The reality is, most people will refinance, or sell and buy again before they will pay off a 30 year mortgage.  You have to think about buying real estate as a long term investment.

If you own real estate for 20 years, chances are you will borrow against it many times over that period of time.  When you compare the initial price to the long value, and then consider the total cost of the money borrowed against that property over that same period of time, you will be amazed at how far ahead you will be on this investment.

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Even if you have to borrow money on a temporary basis at a higher rate and fees, by the time you factor in the tax savings, and equity growth over the long term, you will instantly see that a long term vision will give you a significant return on your investment.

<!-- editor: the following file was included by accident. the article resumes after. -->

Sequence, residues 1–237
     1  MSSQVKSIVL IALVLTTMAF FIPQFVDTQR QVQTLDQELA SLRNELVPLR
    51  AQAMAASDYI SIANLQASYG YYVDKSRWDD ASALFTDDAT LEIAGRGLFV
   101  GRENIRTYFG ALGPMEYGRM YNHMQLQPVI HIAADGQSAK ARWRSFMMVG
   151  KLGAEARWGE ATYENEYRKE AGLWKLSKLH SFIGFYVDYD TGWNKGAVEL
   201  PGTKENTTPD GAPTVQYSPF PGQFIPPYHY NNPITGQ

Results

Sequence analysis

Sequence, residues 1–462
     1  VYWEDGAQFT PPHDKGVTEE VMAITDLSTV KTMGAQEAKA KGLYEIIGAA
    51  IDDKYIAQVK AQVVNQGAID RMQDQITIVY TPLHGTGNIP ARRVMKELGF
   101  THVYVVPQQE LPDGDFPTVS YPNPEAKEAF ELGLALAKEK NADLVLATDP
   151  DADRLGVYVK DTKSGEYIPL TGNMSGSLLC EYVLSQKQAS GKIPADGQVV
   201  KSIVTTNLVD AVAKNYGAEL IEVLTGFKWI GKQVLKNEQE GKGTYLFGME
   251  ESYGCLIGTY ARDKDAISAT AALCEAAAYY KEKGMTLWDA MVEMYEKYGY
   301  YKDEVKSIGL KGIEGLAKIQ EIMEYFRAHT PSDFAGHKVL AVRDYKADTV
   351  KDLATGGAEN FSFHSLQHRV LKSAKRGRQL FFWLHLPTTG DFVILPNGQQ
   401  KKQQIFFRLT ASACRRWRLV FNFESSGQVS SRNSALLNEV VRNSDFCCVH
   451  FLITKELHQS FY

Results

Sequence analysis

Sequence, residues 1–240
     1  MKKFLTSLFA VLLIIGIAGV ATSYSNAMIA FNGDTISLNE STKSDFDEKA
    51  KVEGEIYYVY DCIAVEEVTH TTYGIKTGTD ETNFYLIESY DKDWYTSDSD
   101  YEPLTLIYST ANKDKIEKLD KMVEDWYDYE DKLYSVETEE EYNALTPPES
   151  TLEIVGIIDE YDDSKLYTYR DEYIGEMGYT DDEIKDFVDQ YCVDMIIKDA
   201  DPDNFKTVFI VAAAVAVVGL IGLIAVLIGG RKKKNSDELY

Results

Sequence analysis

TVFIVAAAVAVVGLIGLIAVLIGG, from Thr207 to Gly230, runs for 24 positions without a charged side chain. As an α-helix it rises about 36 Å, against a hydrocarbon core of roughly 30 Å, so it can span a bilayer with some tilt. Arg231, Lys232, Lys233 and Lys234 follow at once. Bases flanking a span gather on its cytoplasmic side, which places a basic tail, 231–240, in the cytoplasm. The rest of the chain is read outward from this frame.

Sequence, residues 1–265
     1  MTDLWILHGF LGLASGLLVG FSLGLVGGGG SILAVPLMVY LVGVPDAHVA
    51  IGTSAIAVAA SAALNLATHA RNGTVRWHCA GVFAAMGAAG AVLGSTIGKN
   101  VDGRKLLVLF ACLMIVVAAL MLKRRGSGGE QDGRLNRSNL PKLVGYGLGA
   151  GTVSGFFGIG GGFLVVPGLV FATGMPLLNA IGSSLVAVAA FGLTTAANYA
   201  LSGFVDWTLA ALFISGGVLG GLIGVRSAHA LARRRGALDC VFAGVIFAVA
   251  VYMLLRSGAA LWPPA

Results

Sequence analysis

Getting the Best Rates and Fees

Non-conventional lending programs are best if you have good to excellent credit, are financially stable, have significant equity, or down payment, but have circumstances that prevent you from qualifying for traditional financing programs at this time.

For homebuyers, if you have a 700+ FICO score, and a 20% down payment, you might be surprised at how affordable a portfolio loan can be.  It is not uncommon for interest rates to range from the low 5% range, all the way up to 8% to 9% range for second mortgages.

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Portfolio loans are also great options for investors that need "out of the box" financing options.

Making the Right Decision